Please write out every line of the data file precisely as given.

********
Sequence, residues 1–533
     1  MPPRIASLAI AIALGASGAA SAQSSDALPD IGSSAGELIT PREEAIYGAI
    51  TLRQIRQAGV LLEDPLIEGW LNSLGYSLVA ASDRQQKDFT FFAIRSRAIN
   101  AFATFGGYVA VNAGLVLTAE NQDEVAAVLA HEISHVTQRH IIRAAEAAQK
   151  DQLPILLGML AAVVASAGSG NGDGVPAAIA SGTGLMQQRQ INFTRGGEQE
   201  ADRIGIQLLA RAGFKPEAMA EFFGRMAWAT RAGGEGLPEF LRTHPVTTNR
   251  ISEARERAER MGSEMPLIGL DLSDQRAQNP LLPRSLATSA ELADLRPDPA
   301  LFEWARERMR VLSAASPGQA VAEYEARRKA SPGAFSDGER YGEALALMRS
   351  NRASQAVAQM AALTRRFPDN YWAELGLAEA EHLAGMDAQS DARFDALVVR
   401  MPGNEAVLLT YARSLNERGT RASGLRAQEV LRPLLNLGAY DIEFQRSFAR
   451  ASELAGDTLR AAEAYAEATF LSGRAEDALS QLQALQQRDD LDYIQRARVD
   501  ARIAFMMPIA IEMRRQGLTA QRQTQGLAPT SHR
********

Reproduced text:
Sequence, residues 1–533
     1  MPPRIASLAI AIALGASGAA SAQSSDALPD IGSSAGELIT PREEAIYGAI
    51  TLRQIRQAGV LLEDPLIEGW LNSLGYSLVA ASDRQQKDFT FFAIRSRAIN
   101  AFATFGGYVA VNAGLVLTAE NQDEVAAVLA HEISHVTQRH IIRAAEAAQK
   151  DQLPILLGML AAVVASAGSG NGDGVPAAIA SGTGLMQQRQ INFTRGGEQE
   201  ADRIGIQLLA RAGFKPEAMA EFFGRMAWAT RAGGEGLPEF LRTHPVTTNR
   251  ISEARERAER MGSEMPLIGL DLSDQRAQNP LLPRSLATSA ELADLRPDPA
   301  LFEWARERMR VLSAASPGQA VAEYEARRKA SPGAFSDGER YGEALALMRS
   351  NRASQAVAQM AALTRRFPDN YWAELGLAEA EHLAGMDAQS DARFDALVVR
   401  MPGNEAVLLT YARSLNERGT RASGLRAQEV LRPLLNLGAY DIEFQRSFAR
   451  ASELAGDTLR AAEAYAEATF LSGRAEDALS QLQALQQRDD LDYIQRARVD
   501  ARIAFMMPIA IEMRRQGLTA QRQTQGLAPT SHR